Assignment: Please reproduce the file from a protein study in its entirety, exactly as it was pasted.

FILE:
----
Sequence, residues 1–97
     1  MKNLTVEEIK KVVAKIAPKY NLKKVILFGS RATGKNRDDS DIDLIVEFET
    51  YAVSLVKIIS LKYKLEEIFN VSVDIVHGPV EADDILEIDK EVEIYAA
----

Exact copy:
Sequence, residues 1–97
     1  MKNLTVEEIK KVVAKIAPKY NLKKVILFGS RATGKNRDDS DIDLIVEFET
    51  YAVSLVKIIS LKYKLEEIFN VSVDIVHGPV EADDILEIDK EVEIYAA